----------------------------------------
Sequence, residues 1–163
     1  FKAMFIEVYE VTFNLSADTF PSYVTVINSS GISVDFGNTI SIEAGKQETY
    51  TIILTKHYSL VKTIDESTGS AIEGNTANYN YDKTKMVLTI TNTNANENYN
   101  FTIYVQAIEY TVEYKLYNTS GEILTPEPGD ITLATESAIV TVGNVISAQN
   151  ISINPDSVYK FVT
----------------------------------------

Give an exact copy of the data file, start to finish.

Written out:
Sequence, residues 1–163
     1  FKAMFIEVYE VTFNLSADTF PSYVTVINSS GISVDFGNTI SIEAGKQETY
    51  TIILTKHYSL VKTIDESTGS AIEGNTANYN YDKTKMVLTI TNTNANENYN
   101  FTIYVQAIEY TVEYKLYNTS GEILTPEPGD ITLATESAIV TVGNVISAQN
   151  ISINPDSVYK FVT